This afternoon, halfway through a wonderful presentation by David Whittaker on the relationship between Brigham Young and Thomas L. Kane, I realized that I probably should have brought my laptop so I could have taken notes to share. As a form of repentance, I figured I should post the remaining schedule on what should be a very interesting lecture series over the next six months:
Thomas L Kane
Exhibition Lecture Series
Thursday, September 11, 2pm: “‘My Dear Friend’: The Correspondence between Brigham Young and Thomas L. Kane,” by David J. Whittaker.
Wednesday, October 8, 3pm: “Thomas L. Kane and the Mormons at the Missouri, 1847-1852,” by Richard E. Bennett.
Wednesday, November 12, 3pm: “Thomas L. Kane and the Utah War,” by William P. MacKinnon.
Wednesday, December 10, 3pm: “Thomas L. Kane and the ‘Mormon Problem’ in National Politics,” by Thomas G. Alexander
Wednesday, January 14, 3pm: “Twelve Mormon Homes: Touring Utah with Elizabeth & Thomas L. Kane in 1872-73,” by Lowell “Ben” Bennion and Thomas Carter.
Wednesday, February 11, 3pm: “Tom and Bessie Kane & the Mormons,” by Edward A. Geary.
Thursday, March 12, 2pm: “Thomas L. Kane and Nineteenth-Century America,” by Matthew J. Grow.
All of the lectures will be held in the BYU Harold B. Lee Library Auditorium, and there is a corresponding exhibition in the Special Collections starting next month. Both the exhibition and the lecture series are co-sponsored by the L. Tom Perry Special Collections and BYU Studies, and BYU Studies plans to publish all the papers as a book. This is in honor of the Thomas L. Kane Papers Collection they have accumulated over the last couple decades, a collection that sounds very impressive.
A couple scattered notes on David Whittaker’s presentation today:
There are over 120 letters between Brigham Young and Thomas Kane. These letters were pretty consistent from 1846 until 1877, with a few busy years (including during the Utah War in 1857) and a few quiet years (while Kane fought in the Civil War). Some letters were as short as a few lines, while others are as long as nine pages. Almost all of them are very personable and informative. Dr. Whittaker read some longer sections, and they reminded me of BY’s letters to his sons: they present a much different man than we usually think of. He was very kind, sympathetic, and showed great love towards Kane. In one letter he expressed how much he wished Kane would join the Church, but then said something like, “it doesn’t matter, I’m sure you’ll join it in the spirit world.”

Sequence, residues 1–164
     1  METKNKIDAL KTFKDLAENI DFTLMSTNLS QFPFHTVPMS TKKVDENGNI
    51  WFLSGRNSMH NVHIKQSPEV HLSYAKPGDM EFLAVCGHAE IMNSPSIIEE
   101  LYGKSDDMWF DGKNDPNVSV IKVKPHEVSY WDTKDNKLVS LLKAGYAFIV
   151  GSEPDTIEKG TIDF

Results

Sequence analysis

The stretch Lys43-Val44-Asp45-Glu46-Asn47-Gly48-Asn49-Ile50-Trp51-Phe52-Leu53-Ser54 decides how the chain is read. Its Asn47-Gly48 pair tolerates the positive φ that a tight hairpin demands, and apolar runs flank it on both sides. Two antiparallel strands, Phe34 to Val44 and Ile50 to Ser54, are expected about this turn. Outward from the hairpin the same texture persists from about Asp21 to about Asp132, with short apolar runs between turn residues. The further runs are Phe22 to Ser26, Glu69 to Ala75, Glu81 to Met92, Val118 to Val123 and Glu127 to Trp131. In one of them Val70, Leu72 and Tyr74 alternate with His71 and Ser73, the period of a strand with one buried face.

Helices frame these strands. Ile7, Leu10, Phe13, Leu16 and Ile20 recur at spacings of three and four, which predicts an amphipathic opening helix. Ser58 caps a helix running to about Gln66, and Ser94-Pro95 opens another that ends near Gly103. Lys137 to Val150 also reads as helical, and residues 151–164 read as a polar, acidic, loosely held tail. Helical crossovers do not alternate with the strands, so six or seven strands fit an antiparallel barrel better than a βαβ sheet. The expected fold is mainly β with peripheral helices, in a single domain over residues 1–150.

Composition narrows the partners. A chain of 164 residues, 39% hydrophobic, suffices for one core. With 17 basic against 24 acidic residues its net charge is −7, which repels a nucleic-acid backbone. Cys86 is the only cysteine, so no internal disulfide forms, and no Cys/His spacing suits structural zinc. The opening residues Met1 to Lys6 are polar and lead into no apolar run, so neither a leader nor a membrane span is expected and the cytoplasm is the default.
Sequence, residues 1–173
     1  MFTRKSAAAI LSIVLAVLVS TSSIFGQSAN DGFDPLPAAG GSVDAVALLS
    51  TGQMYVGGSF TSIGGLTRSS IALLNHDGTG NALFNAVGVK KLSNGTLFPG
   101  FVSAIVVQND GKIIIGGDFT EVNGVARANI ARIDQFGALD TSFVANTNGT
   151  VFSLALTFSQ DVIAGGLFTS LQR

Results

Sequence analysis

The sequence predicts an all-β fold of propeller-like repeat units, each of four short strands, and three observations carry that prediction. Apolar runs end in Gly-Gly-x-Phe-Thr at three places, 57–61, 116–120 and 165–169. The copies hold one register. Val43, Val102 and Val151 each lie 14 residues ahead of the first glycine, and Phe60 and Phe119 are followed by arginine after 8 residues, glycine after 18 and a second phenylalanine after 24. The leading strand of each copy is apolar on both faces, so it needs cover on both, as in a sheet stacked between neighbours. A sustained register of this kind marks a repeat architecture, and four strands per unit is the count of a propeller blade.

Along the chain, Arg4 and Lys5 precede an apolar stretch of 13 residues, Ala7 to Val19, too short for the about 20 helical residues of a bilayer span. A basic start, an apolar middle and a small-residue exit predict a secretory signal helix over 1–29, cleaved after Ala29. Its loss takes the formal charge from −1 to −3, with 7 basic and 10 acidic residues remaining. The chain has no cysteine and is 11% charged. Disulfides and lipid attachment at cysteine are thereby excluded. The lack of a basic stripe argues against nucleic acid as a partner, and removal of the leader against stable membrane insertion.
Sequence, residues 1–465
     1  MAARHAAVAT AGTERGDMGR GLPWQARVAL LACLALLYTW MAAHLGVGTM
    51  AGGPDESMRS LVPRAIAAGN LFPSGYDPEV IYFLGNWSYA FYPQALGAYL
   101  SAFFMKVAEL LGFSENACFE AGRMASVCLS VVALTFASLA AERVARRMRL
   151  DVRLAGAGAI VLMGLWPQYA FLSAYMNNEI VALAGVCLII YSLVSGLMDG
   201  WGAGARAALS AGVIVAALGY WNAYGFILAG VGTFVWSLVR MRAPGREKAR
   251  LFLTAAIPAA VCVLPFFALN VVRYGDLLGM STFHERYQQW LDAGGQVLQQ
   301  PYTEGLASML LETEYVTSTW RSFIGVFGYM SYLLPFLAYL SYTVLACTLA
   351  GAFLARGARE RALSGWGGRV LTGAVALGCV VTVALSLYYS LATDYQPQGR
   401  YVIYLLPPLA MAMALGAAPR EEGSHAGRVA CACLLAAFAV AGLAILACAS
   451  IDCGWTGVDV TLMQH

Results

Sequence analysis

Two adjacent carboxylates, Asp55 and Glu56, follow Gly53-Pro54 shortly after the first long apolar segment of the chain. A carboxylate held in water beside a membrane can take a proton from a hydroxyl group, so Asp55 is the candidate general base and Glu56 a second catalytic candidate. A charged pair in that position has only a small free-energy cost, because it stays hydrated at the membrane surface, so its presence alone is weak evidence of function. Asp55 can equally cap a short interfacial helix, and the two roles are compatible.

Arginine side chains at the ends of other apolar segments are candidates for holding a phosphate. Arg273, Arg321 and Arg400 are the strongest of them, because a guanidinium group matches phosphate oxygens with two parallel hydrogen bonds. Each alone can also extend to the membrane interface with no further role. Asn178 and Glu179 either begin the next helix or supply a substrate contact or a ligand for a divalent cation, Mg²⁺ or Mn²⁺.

Since Kane was so kind to the Mormons, many non-Mormons believed that he was secretly baptized. Even Kane’s wife seemed to think so, writing in a letter after her husband’s death about how the Mormons performed some dunking ritual on him. However, Whittaker says it is pretty clear that Kane never became a member (Cannon was baptized for him a year after Kane’s death), and thinks the incident Kane’s wife is referring to was probably a baptism for health. Whittaker went into Kane’s spirituality a little bit, but not in great detail.
Later on in their relationship, Kane decided he wanted to write Brigham’s biography, so he started gathering information on him and had BY write several almost autobiographical letters so he could get a better background.
Kane might have been the one to convince BY to start the Brigham Young Acadamy. During his stay with Young in St. George in the winter of 1872, it seems one of their most common conversations was on education. Then, their next few letters continued the discussion, with BY finally making the decision to start the school the next year. When Kane heard the news, he said he was thoroughly delighted by it.
BY didn’t tell Kane about polygamy for quite some time. Then, when Kane was helping Jedediah Grant formulate a letter concerning Utah’s “runaway judges,” and helping the Mormons refute the bad things being said about them, Grant finally informed him that the polygamy rumor was true. In Kane’s next letter, he boldly told Young that this practice was wrong, but since it was in such a bold and up-front way, they still respected each other and their friendship didn’t miss a beat. It seems that once Kane got it off his chest, all was ok.
Elizabeth had a hard time getting used to the Mormons. She was very hesitant when they went to live in St. George for the winter. Then, one day when Kane wasn’t feeling really well (he struggled with health all his life), Elizabeth returned from a walk to see BY kneeling at her husband’s bedside praying for him while Kane slept. This touched her so deeply that she wrote in her journal that night that she wanted to erase everything negative she ever said about the Mormons.
Whittaker said many more fascinating things, but I’m sure this is enough to whet your whistle.
 I was privileged to have my wife with me at the lecture, and after Whittaker talked about baptisms for health, mentioning that when the tabernacle was originally built there was a night a week set apart for healt baptisms, my wife leaned over and we had the following conversation:
Her: So, they would take the sick people and baptize them all in the Tabernacle’s font to make them feel better?
Her: So, your telling me that the way they came up with to heal the sick was to gather them all together, baptize them one by one, and thereby turn the commonly-used baptismal font into a sickness-filled pool?